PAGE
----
Randy's Corner Deli Library

13 October 2008

Who's Good For The Jews?

Who's Good For The Jews?
Michael B. Oren 10.14.08, 12:01 AM ET

As an Israeli who lives part-time in the U.S., I am always surprised when Americans ask me who the Israelis want to win the U.S. elections. My response is that, though Israel is intensely close to the U.S., many Israelis cannot even identify the Democratic and Republican candidates.

As an item on the Israeli news, the U.S. elections usually rank fourth or fifth, well behind the latest political scandals, multi-car accidents and soccer scores. And yet, the outcome of November's balloting could have profound ramifications for Israelis. The contestants' positions on the peace process, their policies toward Iraq and Iran and their strategies for pursuing the war on terror--all will impact the Jewish State. Depending on who wins, the Middle East--and Israel's place in it--may look substantially different.

That is the conclusion of a study I published in the current edition of The Journal of International Security Affairs, the first comprehensive analysis of the candidates' platforms affecting Israel. My findings were astonishing. Apart from their common commitment to Israel and to the search for peace between it and the Arabs, Barack Obama and John McCain differ significantly on virtually every issue.

McCain, for example, favors transferring the U.S. embassy, situated in Tel Aviv, to Jerusalem--an action certain to antagonize the Arabs--while Obama has not supported the move. Obama, on the other hand, has expressed reservations about Israeli settlement-building in the West Bank, while McCain has overlooked the matter.

McCain has called on the Palestinian Authority to live up to its obligations to clamp down on terror, but Obama has stopped short of making such a demand. Obama has supported Israel's ceasefire with Hamas in Gaza and its peace talks with Syria; McCain opposes both.

McCain insists that the Arab-Israeli conflict cannot be solved without first confronting Islamic radicalism. Obama believes that the Arab-Israeli dispute, though not the root of all Middle Eastern conflicts, is nevertheless a "constant sore" that "infect(s) all of our foreign policy."

The differences between the candidates on a continued American military presence in Iraq and proposed talks with Iran are well-documented. McCain favors the first and opposes the second, and Obama's positions are exactly reversed. Regarding the war on terror, Obama advocates a return to the Clinton-era treatment of terrorists as criminals who should be tried by the justice system. McCain, by contrast, upholds the Bush Doctrine of preemption and the defeat of terror by extra-Constitutional means.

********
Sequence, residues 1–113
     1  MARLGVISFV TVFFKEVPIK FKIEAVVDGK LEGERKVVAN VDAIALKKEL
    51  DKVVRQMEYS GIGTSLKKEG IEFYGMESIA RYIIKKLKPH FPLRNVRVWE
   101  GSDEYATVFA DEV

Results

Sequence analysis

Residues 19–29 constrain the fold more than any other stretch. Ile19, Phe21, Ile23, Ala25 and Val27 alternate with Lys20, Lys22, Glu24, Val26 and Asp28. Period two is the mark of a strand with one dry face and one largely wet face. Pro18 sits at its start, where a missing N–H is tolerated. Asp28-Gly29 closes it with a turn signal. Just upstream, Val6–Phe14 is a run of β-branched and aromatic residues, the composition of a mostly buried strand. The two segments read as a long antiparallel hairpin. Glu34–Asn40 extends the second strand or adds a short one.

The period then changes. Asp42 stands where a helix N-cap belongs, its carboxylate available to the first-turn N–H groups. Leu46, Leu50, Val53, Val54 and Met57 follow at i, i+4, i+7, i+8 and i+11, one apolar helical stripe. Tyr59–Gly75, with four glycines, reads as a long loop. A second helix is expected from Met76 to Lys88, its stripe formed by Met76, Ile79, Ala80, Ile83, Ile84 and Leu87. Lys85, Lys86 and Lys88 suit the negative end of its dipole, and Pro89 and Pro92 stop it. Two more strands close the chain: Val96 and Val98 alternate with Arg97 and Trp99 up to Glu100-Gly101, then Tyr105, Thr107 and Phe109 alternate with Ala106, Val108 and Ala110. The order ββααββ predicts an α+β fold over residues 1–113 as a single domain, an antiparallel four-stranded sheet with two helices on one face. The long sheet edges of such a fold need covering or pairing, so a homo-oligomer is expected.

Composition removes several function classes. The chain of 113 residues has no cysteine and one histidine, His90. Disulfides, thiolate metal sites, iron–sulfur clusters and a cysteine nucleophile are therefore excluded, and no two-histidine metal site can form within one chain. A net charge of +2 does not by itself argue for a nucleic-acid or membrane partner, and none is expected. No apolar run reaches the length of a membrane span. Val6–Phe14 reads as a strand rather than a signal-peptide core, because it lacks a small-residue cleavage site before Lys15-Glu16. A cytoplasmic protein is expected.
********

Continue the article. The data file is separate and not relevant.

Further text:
Which of these policies are best for Israel depends on one's definition of best. Some might prefer an America that is even-handed in peace talks, dedicated to achieving a comprehensive Arab-Israeli agreement and open to dialogue with its enemies. Others favor an America that is more sympathetic to Israel in negotiations, committed to fighting Islamic radicalism and ready to act preemptively--unilaterally if necessary--against terror. An America led by McCain or Obama will pursue substantially different courses in the Middle East, impelling Israel down widely divergent paths.

Israelis may not have a say in choosing that direction, though many of their supporters might. In spite of the Republicans' claim to commanding an unprecedented 35% of the Jewish vote, the sizable majority of American Jews will still vote Democratic. Still, a difference of only several percentage points could tip the scales in such key states as Florida and New York with their large Jewish populations.

Paradoxically, the race in those states may be decided by the former Floridians and New Yorkers who now live in Israel but who retain their U.S. citizenship. Mostly religious and politically conservative, these Israeli-Americans are expected to side overwhelmingly with McCain.

Perhaps the question of whom the Israelis want for president should not be so surprising, then, especially when posed to a dual-citizen. Israel may yet exert a small but pivotal influence on the presidential elections. American Jews and Israeli-Americans may, together but indirectly, determine Israel's future.

Michael B. Oren, a visiting professor at the Program for Jewish Civilization at Georgetown University and a senior fellow at the Shalem Center in Jerusalem, is the author of Power, Faith and Fantasy: America in the Middle East, 1776 to the Present.

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